4. The Democratisation Of CGI
Over the last decade or more we’ve seen computers and smartphones get cheaper, broadband become de rigueur, and a corresponding increase in online access across the board. The internet isn’t the province of geeks with gadgets anymore: anyone, anywhere can get online.
The same is true of CGI. Memory and processing power have been getting cheaper year on year, and the CG tricks of the trade that used to be the province of the biggest and best are now available to practically everyone at relatively affordable prices.
This means that cheap CGI is everywhere: and inevitably, cheap CGI doesn’t look as good as expensive CGI. It’s one of those situations where, the vast majority of the time, what you put in (in terms of both money and time) actually does correlate to what you get out.
This is why Deadpool’s Colossus looks like the cheesy DTV effect that he is, whereas Thor: Ragnarok’s Hulk is a fully realised character - Taika Waititi had three times the budget, and it shows.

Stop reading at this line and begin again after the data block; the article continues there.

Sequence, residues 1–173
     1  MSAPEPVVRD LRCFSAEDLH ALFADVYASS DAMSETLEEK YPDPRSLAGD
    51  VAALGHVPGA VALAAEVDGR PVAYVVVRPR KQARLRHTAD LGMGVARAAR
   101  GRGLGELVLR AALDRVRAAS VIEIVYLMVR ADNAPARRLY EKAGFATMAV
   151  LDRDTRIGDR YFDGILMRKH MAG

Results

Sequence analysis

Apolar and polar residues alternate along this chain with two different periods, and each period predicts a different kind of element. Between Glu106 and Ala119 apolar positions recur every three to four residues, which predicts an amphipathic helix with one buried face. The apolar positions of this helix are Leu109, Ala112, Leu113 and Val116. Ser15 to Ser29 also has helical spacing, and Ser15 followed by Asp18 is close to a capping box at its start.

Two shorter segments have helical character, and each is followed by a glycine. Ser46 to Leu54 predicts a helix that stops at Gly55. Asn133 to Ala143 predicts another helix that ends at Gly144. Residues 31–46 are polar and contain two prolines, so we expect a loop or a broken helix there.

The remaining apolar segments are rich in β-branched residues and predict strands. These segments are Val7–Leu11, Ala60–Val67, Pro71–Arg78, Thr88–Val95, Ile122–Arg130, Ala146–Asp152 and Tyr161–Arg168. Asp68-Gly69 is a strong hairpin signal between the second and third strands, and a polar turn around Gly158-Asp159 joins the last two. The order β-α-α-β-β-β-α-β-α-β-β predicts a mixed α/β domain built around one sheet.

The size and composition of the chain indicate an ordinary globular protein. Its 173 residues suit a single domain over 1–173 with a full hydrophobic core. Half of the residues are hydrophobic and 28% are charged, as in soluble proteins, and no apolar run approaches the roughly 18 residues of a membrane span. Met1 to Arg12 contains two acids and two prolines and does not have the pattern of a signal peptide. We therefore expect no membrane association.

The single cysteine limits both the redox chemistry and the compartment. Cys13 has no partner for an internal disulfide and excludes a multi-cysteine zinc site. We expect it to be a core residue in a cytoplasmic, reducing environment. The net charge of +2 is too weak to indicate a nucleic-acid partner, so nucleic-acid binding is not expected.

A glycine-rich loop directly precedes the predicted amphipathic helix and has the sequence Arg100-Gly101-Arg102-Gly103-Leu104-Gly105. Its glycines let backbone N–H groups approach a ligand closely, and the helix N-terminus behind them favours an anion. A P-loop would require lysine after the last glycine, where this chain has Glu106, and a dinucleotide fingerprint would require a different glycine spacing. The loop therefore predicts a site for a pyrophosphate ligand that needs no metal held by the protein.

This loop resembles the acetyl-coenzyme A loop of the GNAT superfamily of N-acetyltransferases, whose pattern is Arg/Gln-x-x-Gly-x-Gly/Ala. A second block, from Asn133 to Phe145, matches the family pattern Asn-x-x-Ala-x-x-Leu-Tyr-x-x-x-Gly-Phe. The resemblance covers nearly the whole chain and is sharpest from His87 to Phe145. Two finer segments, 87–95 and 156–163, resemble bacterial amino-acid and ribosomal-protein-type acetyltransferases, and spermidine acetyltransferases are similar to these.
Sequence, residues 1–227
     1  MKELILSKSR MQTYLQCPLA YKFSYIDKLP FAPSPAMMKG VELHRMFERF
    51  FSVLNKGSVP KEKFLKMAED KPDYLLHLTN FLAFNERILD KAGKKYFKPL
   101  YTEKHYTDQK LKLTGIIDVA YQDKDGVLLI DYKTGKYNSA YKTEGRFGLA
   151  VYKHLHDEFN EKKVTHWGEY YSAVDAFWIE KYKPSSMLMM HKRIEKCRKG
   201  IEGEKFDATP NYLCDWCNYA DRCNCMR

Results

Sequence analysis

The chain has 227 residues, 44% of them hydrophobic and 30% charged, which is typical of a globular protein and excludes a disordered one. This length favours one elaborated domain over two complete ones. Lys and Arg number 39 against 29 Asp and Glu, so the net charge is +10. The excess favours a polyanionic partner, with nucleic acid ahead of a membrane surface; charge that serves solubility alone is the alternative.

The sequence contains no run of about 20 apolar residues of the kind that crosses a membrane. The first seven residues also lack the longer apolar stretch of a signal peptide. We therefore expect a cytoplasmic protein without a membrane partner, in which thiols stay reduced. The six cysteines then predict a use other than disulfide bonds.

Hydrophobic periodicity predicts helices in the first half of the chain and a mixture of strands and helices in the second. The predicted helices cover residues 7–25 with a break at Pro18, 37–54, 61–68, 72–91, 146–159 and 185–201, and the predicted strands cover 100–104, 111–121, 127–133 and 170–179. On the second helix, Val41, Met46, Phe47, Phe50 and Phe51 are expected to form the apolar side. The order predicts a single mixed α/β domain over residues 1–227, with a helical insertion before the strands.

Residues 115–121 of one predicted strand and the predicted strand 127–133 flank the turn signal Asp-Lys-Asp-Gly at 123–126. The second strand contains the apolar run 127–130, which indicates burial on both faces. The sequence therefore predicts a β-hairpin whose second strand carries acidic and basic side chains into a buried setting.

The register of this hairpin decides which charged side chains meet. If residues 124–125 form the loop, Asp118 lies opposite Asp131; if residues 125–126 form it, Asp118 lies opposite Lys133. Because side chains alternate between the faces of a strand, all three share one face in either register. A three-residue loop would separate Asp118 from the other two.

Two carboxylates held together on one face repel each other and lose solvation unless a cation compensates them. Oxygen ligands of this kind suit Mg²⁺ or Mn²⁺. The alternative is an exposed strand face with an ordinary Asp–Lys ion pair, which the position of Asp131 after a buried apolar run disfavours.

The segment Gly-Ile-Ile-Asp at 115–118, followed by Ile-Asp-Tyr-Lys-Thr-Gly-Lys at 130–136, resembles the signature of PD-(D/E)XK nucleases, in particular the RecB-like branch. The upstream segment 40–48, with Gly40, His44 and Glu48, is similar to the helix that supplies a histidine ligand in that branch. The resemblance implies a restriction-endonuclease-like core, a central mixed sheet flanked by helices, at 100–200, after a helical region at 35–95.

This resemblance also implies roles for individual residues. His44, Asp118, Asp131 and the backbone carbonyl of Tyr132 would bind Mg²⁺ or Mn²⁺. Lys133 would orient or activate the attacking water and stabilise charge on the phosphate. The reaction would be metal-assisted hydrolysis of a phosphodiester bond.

It’s the difference between decent computer illustrations - cartoons in a live action movie, essentially - and something created to seamlessly blend in with the real so that it also looks as though it’s real.
Again, a lot of this is context, and a little ingenuity can go a long way. Superhero television is delivered on a budget, so of course the production values tend to suffer by comparison with their cinematic equivalents - but when The Flash showcased Gorilla Grodd as a villain of the week on The CW they hid the monster gorilla in dark sewer tunnels and relied on fast cuts to hide the cheapness of the CG effect while simultaneously making him appear more violent and terrifying.
In a later episode, multiple mutant gorillas were out in the open, leaping from rooftops and fighting in the streets. The drop in quality was jaw dropping, but the budget was probably significantly higher.
Sadly, now that CGI is cheaper and more widely available, more and more creatives in TV and film are using it as a crutch to avoid having to be clever storytellers: whatever the issues are, you can ‘fix it in post’. Far too many directors are...